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Breeland v. Warden, Perry Correctional Institution

United States District Court, D. South Carolina, Rock Hill Division

April 30, 2019

Marquis Breeland, Petitioner,
v.
Warden, Perry Correctional Institution, Respondent.

          ORDER

         This matter is before the court for review of the Magistrate Judge's Report and Recommendation (“Report”) filed on February 20, 2019. (ECF No. 35.) The Report recommends that the court grant Respondent Warden of Perry Correctional Institution's (“Respondent”) Motion for Summary Judgment (ECF No. 19) and deny Petitioner Marquis Breeland's (“Petitioner”) Petition for a Writ of Habeas Corpus (ECF No. 1). (Id. at 16.) For the reasons set forth herein, the court ACCEPTS the Magistrate Judge's Report (ECF No. 35), GRANTS Respondent's Motion for Summary Judgment (ECF No. 19), and DENIES Petitioner's Petition (ECF No. 1) without prejudice.

         I. FACTUAL AND PROCEDURAL BACKGROUND

         The Report sets forth the relevant facts and legal standards which this court incorporates herein without a full recitation. (ECF No. 35 at 1-6.) As brief background, Petitioner, proceeding pro se and in forma pauperis, filed the instant Petition on August 2, 2018, pursuant to 28 U.S.C. § 2254.[1] (ECF No. 1.) Petitioner raises three different grounds for ineffective assistance of counsel under the Sixth Amendment of the United States Constitution. (Id. at 5-9.) On November 29, 2018, Respondent filed a Motion for Summary Judgment. (ECF No. 19.) The Magistrate Judge issued a Roseboro Order[2] on November 29, 2018, and advised Petitioner of the consequences of failing to respond to Respondent's Motion. (ECF No. 20.) On that same day, the Roseboro Order was mailed to Petitioner. (ECF No. 21.) Petitioner responded in opposition to Respondent's Motion on January 10, 2019. (ECF No. 28.)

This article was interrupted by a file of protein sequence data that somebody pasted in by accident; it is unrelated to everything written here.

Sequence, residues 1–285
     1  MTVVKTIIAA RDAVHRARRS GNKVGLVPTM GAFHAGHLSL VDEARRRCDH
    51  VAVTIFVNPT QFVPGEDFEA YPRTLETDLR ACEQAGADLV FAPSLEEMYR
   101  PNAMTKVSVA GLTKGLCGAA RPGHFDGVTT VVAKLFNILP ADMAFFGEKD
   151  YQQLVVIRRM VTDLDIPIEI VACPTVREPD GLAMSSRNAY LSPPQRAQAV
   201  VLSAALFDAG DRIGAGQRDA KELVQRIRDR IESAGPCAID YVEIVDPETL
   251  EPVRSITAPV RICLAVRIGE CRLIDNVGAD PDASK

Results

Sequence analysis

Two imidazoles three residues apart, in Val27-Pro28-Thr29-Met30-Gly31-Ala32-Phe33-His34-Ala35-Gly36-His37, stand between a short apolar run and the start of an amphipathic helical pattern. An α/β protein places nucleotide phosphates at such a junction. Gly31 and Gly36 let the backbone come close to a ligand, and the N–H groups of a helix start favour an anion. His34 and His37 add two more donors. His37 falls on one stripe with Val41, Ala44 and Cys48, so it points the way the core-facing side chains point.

The Magistrate Judge filed the Report on February 20, 2019. (ECF No. 35.) First, the Report found that Petitioner was in procedural default for Grounds Two and Three of his Petition. (Id. at 10-11.) Second, the Magistrate Judge determined that Petitioner “failed to show that the [post-conviction relief] [(“PCR”)] court's findings as to trial counsel are contrary to, or an unreasonable application of, clearly established law, or are the result of an unreasonable determination of the facts.” (Id. at 15-16.) Specifically, the Magistrate Judge concluded that the PCR court “reasonably found that there was no resulting prejudice” from his trial counsel's performance. (Id. at 16.) For those reasons, the Magistrate Judge recommended that the court grant Respondent's Motion for Summary Judgment (ECF No. 19) and deny Petitioner's Petition (ECF No. 1). (Id.)

         The parties were apprised of their opportunity to file specific, written objections to the Report on February 20, 2019. (Id. at 17.) Petitioner filed an Objection to the Report on February 27, 2019.[3] (ECF No. 37-1 at 1.) Within his Objection, Petitioner does not mention any issues with the Magistrate Judge's Report. (See ECF No. 37 at 1.) Instead, Petitioner reargues that “no one” observed him “at the scene where the crime took place.” (Compare ECF No. 37 at 1, with ECF No. 28 at 1.) Respondent did not respond to either the Report or Petitioner's Objection.

         II. STANDARD OF REVIEW